In the perfect symphony, the composer must make sure that every note that should be in the symphony is included and that every note that should not be included is excluded, as the following quotation from Leonard Bernstein so artfully points out.
We are going to try to perform for you today a curious and rather difficult experiment. We're going to take the first movement of Beethoven's Fifth Symphony and rewrite it. Now don't get scared; we're going to use only notes that Beethoven himself wrote. We're going to take certain discarded sketches that Beethoven wrote, intending to use them in this symphony, and find out why he rejected them, by putting them back into the symphony and seeing how the symphony would have sounded with them. Then we can guess at the reason for rejecting these sketches, and, what is more important, perhaps we can get a glimpse into the composer's mind as it moves through this mysterious creative process we call composing.
We have here painted on the floor a reproduction of the first page of the conductor's score for Beethoven's Fifth Symphony. Every time I look at this orchestral score I am amazed all over again at its simplicity, strength and rightness. And how economical the music is! Why, almost every bar of this first movement is a direct development of these opening four notes: […]
And what are these notes that they should be so pregnant and meaningful that whole symphonic movement can be born of them? Three G's and an E flat. Nothing more. Anyone could have thought of them—maybe…
Just as the perfect symphony has included all of the notes that should be included and has not included any notes that should in fact be excluded, Master Presenters do the same with their words. This is much easier said than done. How do Master Presenters make sure they have developed a cohesive presentation? The following seven steps will help guarantee that your presentation is as cohesive as possible:
Write a mission statement for your presentation and decide if each bit of the content advances that mission or not. For example, David Ropeik's mission is to help people make smarter and safer decisions in regard to accurately assessing and acting on the risks that they encounter. Similarly, Jack Welch's mission while president and CEO at General Electric was that GE would be the first or second best in each market division where it sold products or GE would pull out of that division. The mission statement for your presentation will help you stay on target and focus your message. It also makes it easier to get feedback from others as to whether or not you are achieving your goals.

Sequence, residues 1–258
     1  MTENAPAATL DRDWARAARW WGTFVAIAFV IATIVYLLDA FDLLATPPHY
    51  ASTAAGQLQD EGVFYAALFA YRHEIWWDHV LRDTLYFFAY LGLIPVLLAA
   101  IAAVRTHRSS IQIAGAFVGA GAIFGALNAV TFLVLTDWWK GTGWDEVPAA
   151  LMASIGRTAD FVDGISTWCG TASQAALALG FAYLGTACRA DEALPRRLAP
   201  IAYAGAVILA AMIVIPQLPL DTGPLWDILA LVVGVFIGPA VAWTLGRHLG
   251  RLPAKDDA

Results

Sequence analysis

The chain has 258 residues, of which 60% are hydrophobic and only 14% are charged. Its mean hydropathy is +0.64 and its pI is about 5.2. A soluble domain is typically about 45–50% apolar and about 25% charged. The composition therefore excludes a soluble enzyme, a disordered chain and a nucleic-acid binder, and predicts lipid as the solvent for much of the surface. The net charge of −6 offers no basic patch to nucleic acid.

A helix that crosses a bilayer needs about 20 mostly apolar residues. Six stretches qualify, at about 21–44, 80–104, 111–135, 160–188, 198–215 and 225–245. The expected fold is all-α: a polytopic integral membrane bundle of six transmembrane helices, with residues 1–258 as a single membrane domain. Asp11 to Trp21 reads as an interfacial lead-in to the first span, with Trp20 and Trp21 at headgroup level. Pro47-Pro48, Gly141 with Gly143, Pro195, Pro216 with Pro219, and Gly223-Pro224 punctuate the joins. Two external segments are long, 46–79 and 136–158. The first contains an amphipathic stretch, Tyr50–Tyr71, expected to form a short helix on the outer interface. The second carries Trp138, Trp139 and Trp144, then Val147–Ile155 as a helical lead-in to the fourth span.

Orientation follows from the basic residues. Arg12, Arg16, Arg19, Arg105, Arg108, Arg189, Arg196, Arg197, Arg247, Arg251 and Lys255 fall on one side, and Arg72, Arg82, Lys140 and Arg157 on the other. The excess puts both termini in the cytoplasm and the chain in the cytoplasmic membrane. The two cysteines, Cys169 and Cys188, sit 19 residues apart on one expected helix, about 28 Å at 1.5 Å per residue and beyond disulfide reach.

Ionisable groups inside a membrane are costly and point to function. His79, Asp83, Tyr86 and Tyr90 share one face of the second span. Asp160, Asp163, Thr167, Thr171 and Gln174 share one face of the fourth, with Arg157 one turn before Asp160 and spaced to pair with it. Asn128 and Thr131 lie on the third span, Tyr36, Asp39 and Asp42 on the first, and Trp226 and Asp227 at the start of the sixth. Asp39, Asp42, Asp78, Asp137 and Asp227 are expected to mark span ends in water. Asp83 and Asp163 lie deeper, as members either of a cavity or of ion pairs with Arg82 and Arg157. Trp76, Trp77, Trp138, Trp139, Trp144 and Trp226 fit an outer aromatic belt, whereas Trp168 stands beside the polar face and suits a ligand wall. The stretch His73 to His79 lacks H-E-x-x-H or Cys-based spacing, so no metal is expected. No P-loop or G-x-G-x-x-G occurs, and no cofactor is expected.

Develop your goals and objectives for your presentation and decide whether each bit of the content is aligned with them. For example, "When you leave here today, you should be able to…" [enumerate the objectives]. You can also remind the listener of the value you are providing by having a visual trigger such as a flip chart checklist, and check off each objective as you address it.
For example, in a presentation on time management, the presenter might use "How can we do more in less time?" or "Have you ever considered the power of the ‘Not to do list’?" or, "Are there ways that we can increase market share without adding additional costs?"
Even if you don't use them in your final presentation, creating diagrams, such as flow charts and storyboards, can help to make your presentation preparations clearer and better organized. An organizational technique David uses is a simple circle. He shows the central thesis—his reason for speaking—at the top of the circle, as if it were occupying the 12 o'clock position on a clock face. Each supporting point then falls in sequence around the circle in clockwise rotation. Thus, each point can be seen in a clear sequence, culminating back to the central thesis. You could use a straight line rather than a circle, but the connection between your opening and your closing would not be as clear—or might not exist at all.
Test your presentation with friends, fellow presenters, and/or an audience and ask for feedback about what should be included and/or excluded. You can also ask about specific parts of the presentation.
When Mark Victor Hanson and Jack Canfield published their Chicken Soup for the Soul series, they collect a large number of stories. They then use a focus group to rate the stories on a scale of 1 to 100, and the highest-ranked stories were selected to appear in their books. Therefore, one way to test market the content of your presentation would be to ask a focus group of your friends and/or colleagues to help you select the content and structure of the presentation.
Give your focus group a specific task and keep a tight rein. If you open your presentation to scrutiny by too many free-thinking, free-wheeling people, you could end up with a committee rewriting your presentation, and that would not be good for anyone.
Successive approximations means that although the presentation will never be 100-percent cohesive, each time you work on it and/or get some great feedback, it will get better and better and closer and closer to its ideal form.
What do you want your audience members to think, feel, and/or do as a result of attending your presentation? If you cannot specifically answer these three questions, you are categorically not ready to present. For example, in David's business writing presentations, he tells the participants, "As a result of today's program, you will be able to write a business letter more clearly, concisely, and confidently."
In your next presentation, what do you want the participants to think, feel, and/or do differently as a direct result of attending your presentation?
I want my audience members to think…
I want my audience members to feel…
I want my audience member to do…
Berstein, Leonard. The Joy of Music. New York: Simon and Schuster, 1959, p. 73.